Scottish salmon faces “huge, unnecessary burdens” through Brexit deal, warns industry body

The Brexit deal being pursued by the United Kingdom's government could significantly undermine the Scottish salmon sector by requiring exporters to secure health certificates to send products to E.U. markets, the Scottish Salmon Producers Organisation (SSPO) has warned.

At present, because of the free movement of goods within the E.U., Scottish salmon shipments do not require export health certificates (EHCs). However, the SSPO fears this ability will change, saying that it now appears inevitable that these exports will need EHCs after the end of this year, when the transition phase is over.

In financial terms, the cost of this change for Scottish farmed salmon will be between GBP 1.3 million (USD 1.7 million, EUR 1.5 million) and GBP 8.7 million (USD 11.3 million, EUR 10.3 million) annually, depending on the amount charged by councils for each EHC and the number of EHCs required per truckload, it said.

SSPO also estimates that between 50,000 and 100,000 EHCs will need to be processed and signed each year, with each document needing the signature of an environmental health officer or a vet.

“The addition of an export health certificate for every order of salmon to the E.U. would place huge unnecessary financial and bureaucratic burdens on our sector – potentially undermining one of the U.K.’s biggest modern export success stories,” SSPO Chief Executive Julie Hesketh-Laird said. “About 300 salmon orders are dispatched to the E.U. every day by road and through the Channel Tunnel. If each one – or even each lorry load – had to have an extra certificate, signed by a vet or an environmental health officer, it would not only add delays and cost to Scottish salmon exports, it would give our international competitors an advantage they would be unlikely to pass up.”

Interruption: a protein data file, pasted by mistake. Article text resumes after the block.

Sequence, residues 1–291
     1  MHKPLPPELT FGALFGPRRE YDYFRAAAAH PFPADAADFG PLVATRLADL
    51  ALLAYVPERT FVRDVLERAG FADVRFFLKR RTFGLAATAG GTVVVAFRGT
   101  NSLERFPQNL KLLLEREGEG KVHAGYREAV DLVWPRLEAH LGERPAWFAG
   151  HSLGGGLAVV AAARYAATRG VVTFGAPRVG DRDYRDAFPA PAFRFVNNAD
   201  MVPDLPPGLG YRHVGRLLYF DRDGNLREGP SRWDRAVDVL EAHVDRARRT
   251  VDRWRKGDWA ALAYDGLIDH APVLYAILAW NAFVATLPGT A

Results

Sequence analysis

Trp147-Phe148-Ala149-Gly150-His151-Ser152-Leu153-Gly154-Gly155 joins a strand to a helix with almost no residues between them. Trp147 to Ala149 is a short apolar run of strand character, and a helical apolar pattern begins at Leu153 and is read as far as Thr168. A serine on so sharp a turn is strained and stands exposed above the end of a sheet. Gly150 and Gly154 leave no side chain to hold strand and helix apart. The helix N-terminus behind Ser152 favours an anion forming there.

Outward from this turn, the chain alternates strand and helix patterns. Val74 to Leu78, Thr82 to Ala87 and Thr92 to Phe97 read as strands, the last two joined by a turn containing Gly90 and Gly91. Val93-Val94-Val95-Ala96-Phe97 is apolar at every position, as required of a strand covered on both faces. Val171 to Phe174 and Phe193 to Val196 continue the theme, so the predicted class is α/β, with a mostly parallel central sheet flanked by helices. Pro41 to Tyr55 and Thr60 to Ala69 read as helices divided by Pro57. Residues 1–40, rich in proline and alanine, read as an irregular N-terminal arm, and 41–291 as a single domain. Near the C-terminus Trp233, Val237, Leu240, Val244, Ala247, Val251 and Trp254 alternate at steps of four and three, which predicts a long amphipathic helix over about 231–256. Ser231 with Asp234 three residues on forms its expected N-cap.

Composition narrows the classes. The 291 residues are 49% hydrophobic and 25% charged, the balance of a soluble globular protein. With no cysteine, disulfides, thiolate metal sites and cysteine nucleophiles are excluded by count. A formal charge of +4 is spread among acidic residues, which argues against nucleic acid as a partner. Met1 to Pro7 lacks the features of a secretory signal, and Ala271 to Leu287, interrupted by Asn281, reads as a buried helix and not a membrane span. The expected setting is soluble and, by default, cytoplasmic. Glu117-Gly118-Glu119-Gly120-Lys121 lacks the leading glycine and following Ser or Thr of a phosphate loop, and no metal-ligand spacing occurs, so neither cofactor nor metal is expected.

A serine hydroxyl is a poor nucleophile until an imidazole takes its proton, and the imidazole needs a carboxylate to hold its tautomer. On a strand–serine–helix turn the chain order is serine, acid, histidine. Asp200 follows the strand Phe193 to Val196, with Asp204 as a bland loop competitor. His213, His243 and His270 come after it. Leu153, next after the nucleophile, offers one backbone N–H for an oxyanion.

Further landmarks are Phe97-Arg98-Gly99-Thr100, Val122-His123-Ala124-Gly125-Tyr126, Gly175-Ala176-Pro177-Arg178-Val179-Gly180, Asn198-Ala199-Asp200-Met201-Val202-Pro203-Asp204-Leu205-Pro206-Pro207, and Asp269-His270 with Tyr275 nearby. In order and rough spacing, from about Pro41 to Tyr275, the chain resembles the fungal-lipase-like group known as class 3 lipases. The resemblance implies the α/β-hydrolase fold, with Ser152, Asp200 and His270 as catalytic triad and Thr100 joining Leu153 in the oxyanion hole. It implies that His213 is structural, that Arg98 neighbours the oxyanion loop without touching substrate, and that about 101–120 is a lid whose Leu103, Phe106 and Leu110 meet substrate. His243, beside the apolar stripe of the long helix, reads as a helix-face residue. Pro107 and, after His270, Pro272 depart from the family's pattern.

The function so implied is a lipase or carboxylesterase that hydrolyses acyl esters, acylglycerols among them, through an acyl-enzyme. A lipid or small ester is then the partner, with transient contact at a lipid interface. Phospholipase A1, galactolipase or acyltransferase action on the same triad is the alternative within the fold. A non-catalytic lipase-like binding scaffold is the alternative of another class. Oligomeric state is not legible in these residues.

Hesketh-Laird said the trade body is appealing to the U.K. government to make addressing this issue a priority in its negotiations with the E.U.

“We want both sides to commit to allow seafood trade to the E.U. to continue as it now, without the imposition of any new tariff or non-tariff barriers and we want U.K. ministers to call for this in negotiations,” Hesketh-Laird said.

Specifically, SSPO is asking the U.K. government to:

  • Stay aligned with the E.U. on seafood exports after the end of the transition period so no EHCs will be needed;
  • Make the transportation of seafood to the E.U. without EHCs a key condition in negotiations over the future trading arrangement between the U.K. and the E.U.;
  • Accelerate the process, already started by the U.K. Animal and Plant Health Agency, to digitalize the EHC process, making it swifter and simpler;
  • Negotiate for the continued tariff-free access to the E.U. for Scottish salmon after the end of the transition period.

In 2019, Scottish salmon exports totaled 94,000 metric tons (MT), with a value of GBP 618 million (USD 802.3 million, EUR 734.8 million).  

Photo courtesy of Kelvin Atkins/Shutterstock 


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